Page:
Weekend Link Round Up


  • The Estes catalogs were an endless source of fascination for me as a kid, and my dad still flies model rockets for the grandkids at every family get together. Founder Vern Estes turned 90 this week.


  • I am not an urban fantasy guy. I kind of hate it. So the fact that Jim Butcher’s urban fantasy series The Dresden Files is one of my favorite book series should speak volumes for it. Excitingly, the long awaited 16th book in the series, Peace Talks, is now available for pre-order.


  • I’ve never heard of Noah Hawley, but apparently he’s directed some decent stuff, and he’s now he’s writing a Star Trek movie. While I didn’t hate the Abrams-verse (and frankly, I thought the alternate timeline was, in concept, a clever way of doing a reboot without destroying the old canon), his promise to return to something closer to Roddenberry’s vision is appealing. Call me tentatively excited.


  • As it turns out, echidnas have a great way of surviving fires– they bury themselves and hibernate. Hilariously, when they don’t quite bury themselves far enough, their spines will melt. Given that they’re a kind of modified hair, it doesn’t hurt, but it does leave them looking like they had a run in with a belt sander.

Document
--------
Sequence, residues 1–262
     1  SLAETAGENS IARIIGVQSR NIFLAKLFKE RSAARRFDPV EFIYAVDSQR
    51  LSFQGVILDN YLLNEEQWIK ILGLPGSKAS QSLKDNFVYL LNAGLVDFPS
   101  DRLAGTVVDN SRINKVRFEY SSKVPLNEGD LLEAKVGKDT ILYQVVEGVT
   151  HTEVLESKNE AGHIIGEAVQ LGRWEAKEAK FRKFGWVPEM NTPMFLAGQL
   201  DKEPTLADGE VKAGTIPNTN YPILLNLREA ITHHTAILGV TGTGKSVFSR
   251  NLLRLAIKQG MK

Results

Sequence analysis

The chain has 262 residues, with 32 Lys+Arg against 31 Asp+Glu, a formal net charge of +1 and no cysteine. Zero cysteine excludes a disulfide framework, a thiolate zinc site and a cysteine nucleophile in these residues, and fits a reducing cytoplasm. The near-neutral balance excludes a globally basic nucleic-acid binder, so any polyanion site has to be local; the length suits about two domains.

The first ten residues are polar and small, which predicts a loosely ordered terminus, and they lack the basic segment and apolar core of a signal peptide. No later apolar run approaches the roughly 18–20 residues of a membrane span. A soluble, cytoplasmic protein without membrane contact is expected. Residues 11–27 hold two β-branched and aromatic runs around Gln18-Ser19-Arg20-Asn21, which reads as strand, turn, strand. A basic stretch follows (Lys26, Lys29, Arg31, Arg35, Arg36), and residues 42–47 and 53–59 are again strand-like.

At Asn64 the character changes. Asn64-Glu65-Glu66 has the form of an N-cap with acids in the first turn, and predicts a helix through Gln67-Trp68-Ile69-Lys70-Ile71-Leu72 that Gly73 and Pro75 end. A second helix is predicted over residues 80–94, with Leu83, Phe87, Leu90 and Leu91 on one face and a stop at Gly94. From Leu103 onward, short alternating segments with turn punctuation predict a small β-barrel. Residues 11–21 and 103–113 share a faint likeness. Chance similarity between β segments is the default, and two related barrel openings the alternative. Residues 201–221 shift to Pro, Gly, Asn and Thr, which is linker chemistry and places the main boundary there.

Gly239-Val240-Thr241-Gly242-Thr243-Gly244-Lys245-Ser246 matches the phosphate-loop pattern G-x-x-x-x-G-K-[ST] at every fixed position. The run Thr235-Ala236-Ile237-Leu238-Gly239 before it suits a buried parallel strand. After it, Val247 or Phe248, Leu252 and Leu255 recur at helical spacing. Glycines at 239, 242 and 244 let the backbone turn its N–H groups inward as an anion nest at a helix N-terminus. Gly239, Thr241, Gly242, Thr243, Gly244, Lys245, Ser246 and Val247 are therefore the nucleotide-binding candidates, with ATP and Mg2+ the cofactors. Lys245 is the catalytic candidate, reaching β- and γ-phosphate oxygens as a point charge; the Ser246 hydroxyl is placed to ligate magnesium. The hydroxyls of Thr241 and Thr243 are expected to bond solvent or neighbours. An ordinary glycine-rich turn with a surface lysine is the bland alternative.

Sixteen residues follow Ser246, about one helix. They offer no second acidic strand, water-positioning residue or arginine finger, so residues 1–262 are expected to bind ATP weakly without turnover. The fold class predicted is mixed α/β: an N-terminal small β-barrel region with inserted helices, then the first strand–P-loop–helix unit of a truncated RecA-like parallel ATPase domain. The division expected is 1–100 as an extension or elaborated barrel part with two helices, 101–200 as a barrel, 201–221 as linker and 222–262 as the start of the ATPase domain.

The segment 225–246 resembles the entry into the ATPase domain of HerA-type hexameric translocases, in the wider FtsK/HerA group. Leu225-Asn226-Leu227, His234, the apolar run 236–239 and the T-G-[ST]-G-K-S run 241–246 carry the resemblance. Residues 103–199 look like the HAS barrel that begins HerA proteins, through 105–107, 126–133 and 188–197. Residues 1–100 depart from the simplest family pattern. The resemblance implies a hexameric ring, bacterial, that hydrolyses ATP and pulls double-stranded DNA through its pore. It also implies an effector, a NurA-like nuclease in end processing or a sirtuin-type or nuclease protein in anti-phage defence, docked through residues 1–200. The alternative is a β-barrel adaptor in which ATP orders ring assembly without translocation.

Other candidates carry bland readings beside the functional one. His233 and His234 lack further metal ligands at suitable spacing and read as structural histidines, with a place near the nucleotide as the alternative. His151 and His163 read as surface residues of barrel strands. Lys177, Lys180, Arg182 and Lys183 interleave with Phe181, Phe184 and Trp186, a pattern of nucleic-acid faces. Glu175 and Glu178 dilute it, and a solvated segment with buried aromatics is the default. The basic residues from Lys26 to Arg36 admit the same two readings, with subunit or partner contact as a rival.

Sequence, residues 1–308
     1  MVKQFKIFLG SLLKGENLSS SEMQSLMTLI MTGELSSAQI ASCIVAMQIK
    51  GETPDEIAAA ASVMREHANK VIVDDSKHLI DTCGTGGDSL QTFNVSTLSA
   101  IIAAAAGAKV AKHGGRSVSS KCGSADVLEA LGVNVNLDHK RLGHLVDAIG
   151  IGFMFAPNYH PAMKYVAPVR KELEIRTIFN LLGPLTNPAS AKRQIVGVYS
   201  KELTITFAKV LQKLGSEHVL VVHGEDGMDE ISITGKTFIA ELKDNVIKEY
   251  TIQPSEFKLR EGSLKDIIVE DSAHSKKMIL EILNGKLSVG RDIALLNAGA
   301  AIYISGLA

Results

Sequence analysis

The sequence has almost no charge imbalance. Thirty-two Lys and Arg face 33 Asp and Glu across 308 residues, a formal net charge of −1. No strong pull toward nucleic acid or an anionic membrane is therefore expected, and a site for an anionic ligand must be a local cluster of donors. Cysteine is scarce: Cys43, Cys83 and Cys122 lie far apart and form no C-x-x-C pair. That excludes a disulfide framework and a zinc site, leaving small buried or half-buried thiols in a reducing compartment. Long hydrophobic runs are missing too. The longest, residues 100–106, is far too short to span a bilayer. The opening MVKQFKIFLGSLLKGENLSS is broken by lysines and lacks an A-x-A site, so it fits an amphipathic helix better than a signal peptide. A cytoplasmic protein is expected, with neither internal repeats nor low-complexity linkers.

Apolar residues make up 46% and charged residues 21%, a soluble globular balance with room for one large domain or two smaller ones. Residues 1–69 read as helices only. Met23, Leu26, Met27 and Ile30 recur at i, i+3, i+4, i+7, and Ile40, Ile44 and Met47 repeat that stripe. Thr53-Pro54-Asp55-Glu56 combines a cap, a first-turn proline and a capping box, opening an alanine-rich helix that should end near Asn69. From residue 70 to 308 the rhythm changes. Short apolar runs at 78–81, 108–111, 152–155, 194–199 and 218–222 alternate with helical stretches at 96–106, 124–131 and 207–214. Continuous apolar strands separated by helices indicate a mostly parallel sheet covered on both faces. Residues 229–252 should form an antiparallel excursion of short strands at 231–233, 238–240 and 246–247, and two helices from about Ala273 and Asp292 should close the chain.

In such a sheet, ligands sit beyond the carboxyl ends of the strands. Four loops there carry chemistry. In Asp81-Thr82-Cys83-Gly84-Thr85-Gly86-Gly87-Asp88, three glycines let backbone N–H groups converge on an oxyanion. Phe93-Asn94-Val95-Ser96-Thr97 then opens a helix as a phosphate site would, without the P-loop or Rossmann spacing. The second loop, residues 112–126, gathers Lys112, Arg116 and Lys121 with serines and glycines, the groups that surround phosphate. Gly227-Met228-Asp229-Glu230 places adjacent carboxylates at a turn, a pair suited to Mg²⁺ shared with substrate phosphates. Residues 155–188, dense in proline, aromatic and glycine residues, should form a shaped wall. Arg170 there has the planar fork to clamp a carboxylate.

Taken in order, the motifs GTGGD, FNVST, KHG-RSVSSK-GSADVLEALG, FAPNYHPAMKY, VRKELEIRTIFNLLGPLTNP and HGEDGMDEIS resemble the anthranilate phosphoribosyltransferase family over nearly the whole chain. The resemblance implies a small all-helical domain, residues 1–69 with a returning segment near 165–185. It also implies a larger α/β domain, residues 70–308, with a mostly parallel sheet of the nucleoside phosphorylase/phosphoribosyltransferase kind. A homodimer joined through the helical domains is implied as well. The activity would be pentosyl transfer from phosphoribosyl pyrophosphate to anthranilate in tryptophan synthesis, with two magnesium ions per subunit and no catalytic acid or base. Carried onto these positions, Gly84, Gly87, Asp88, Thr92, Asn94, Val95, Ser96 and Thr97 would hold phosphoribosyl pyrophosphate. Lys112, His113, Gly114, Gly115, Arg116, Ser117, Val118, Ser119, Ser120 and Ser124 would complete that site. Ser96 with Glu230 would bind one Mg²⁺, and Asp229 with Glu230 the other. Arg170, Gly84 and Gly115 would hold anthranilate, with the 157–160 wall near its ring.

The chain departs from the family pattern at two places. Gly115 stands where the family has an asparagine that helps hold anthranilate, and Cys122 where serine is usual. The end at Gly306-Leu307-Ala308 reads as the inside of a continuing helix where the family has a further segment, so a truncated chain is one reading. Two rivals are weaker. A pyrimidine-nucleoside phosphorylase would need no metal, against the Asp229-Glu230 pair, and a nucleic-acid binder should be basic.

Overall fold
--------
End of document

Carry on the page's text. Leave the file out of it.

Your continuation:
• While we’re all waiting for Betelgeuse to explode, it turns out binary star V Sagittae is spiraling its way towards its own supernova and apparently rather predictably. Astronomers expect the system to finish its death spiral (heehee) and become a single red giant around 2083, becoming one of the brightest stars in the sky for a while. (Unless Betelgeuse stops teasing us.)
  • Evidence is mounting that the universe isn’t just clumps of materials randomly sticking together, but that there is a structure on even the largest scales. Magnetic bridges between galaxies have been suspected, but astronomers recently made their first real observations of the bridge linking the Large and Small Magellanic Clouds.

About Joshua Young 45 Articles
Joshua M. Young lives in Columbus, Ohio with his wife, son, and two more feral cats than the optimal number of feral cats. (That is, zero.) He holds a Master of Divinity from Ashland Theological Seminary, and yes, he's quite aware that writing this kind of stuff isn't exactly what you'd expect from a trained theologian. A life long lover of science fiction and fantasy, one of his earliest memories involves some confusion with a Klingon Bird of Prey and an X-Wing in the middle of a theater showing The Search for Spock, and, once upon a time, he could select the desired Robotech novel from his bookshelf, in the dark, by the feel of its spine. (Don't ask why that was a necessary skill. He couldn't tell you.) He has been published in numerous anthologies, including Planetary: Mercury, Planetary: Venus, and Tales of the Once and Future King.

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